Welcome to the awards.
For award definitions and background on the column itself, please consult the Primer.
All weekly stats are for the period of Monday, Sept. 28 through Sunday, Oct. 4. All season stats are through Sunday.
This week’s proof that assigning wins and losses to a pitcher is an arcane practice that must stop
Good luck division
Jason Berken didn’t do much to merit a statistical pat on the back. He actually got roughed up by the Blue Jays, allowing four runs on five innings which probably should have been more given that he struck out only one Toronto batter. Still, he and his 41 game score got the win.
Bad luck division
Nick Blackburn and Rick Porcello each did a very good job of holding the rival lineup in check, allowing one run each in a combined 13.1 innings. It’s fair to point out that Porcello continued his trend of not striking out hitters and getting away with it: He got one Twin on strikes.
Jon Rauch squandered the lead to the Royals when he allowed an inherited run to score. Michael Cuddyer gift wrapped the win for Rauch by homering off of Juan Cruz to hand the lead back to Rauch. So Rauch was charged with a blown save and credited with a win.
Wes Littleton Award
Jonathan Papelbon doesn’t control how he is used by Terry Francona. So it isn’t his fault that he was kind of wasted (not in the college frat party sense) coming in to protect a three-run lead against Michael Brantley, Jamey Carroll and Jhonny Peralta. The highest slugging percentage among them is a .375.
As questionable as the assemblage of bats that Papelbon had to overcome, they look like Murderer’s Row in comparison to the crew that Frank Francisco faced. Protecting a three-run lead, he easily retired .217/.250/.391 hitting Adam Moore, .221/.258/.279 hitting Michael Saunders and .219/.279/.333 hitting Josh Wilson
Please hold the applause
Matt Daley inherited a three-run lead when he relieved Ubaldo Jimenez. He proceeded to allow a leadoff home run to Russell Martin, get Orlando Hudson to ground out, walk Doug Mientkiewicz, and allow a single to Rafael Furcal before being lifted for Joe Beimel. He got the hold.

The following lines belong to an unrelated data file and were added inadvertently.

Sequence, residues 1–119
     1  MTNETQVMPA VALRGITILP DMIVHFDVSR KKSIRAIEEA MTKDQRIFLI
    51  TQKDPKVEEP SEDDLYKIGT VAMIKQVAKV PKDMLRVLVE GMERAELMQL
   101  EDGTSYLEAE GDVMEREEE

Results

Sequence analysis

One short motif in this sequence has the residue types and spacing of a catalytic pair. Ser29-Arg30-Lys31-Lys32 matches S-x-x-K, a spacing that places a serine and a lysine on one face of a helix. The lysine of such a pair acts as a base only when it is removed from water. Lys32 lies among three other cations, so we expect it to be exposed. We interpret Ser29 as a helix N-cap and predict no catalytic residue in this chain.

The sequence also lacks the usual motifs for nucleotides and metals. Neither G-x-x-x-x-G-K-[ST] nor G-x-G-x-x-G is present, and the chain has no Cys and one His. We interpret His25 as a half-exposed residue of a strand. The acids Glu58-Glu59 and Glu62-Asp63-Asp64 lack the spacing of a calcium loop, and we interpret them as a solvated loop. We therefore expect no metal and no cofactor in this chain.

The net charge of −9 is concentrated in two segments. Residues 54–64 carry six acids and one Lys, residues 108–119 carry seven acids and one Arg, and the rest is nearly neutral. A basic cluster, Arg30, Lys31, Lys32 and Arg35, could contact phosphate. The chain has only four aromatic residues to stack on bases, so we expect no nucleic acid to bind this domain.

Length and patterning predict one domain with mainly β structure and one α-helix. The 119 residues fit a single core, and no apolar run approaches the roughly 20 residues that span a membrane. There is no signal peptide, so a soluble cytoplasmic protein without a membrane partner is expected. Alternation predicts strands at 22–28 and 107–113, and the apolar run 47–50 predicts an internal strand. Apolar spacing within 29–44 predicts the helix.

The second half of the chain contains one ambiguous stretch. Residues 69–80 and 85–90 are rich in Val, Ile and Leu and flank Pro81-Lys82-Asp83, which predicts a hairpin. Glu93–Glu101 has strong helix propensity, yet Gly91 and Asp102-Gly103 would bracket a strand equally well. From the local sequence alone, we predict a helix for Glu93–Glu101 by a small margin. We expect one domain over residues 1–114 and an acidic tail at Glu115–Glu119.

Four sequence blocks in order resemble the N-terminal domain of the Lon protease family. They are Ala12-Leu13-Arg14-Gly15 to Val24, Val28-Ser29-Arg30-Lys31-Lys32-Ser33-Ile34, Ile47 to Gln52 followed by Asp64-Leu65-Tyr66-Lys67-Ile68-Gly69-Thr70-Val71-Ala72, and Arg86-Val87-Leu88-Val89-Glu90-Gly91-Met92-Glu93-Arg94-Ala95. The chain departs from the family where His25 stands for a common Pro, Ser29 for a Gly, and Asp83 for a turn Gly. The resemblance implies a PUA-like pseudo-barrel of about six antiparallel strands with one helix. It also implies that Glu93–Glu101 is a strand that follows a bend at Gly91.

Any sufficiently advanced defense is indistinguishable from pitching
Joe Carter Award
Ryan Ludwick drove in five runs when in 20 at-bats he accumulated a mere four total bases for a .150/.227/.200 line.
I also mention Michael Aubrey, who drove in six. Normally I wouldn’t bring up a player with a .214/.241/.464 line primarily because his only sin was a little bit of bad luck on balls in play, given that he struck out three times in 29 plate appearances. But I will use this as an excuse to briefly talk about Aubrey in a more general sense. If he works out and becomes a productive everyday player, he would make an excellent profile subject for SI or ESPN the Magazine, the kind of piece that talks about what kind of hardships a player has had to go through and how it is a testament to his character that he hasn’t decided to become a CPA.
If you aren’t either a Cleveland fan or a prospect watcher, you may not know that Aubrey was a big deal at Tulane, where he did nothing but hit. He was enough of a prospect that I thought he was a serious bargain when he was taken 11th overall in the 2003 draft. He got off to a roaring start in the minors, tearing up the Sally League after signing and making it to Double-A in 2004.But then he became the minor league version of Nick Johnson, hitting when he was healthy, but rarely matching that description. In seven years, he has averaged 63 minor league games per season. On the other hand, he has a .294/.353/.469 career line down there in 1,670 at-bats.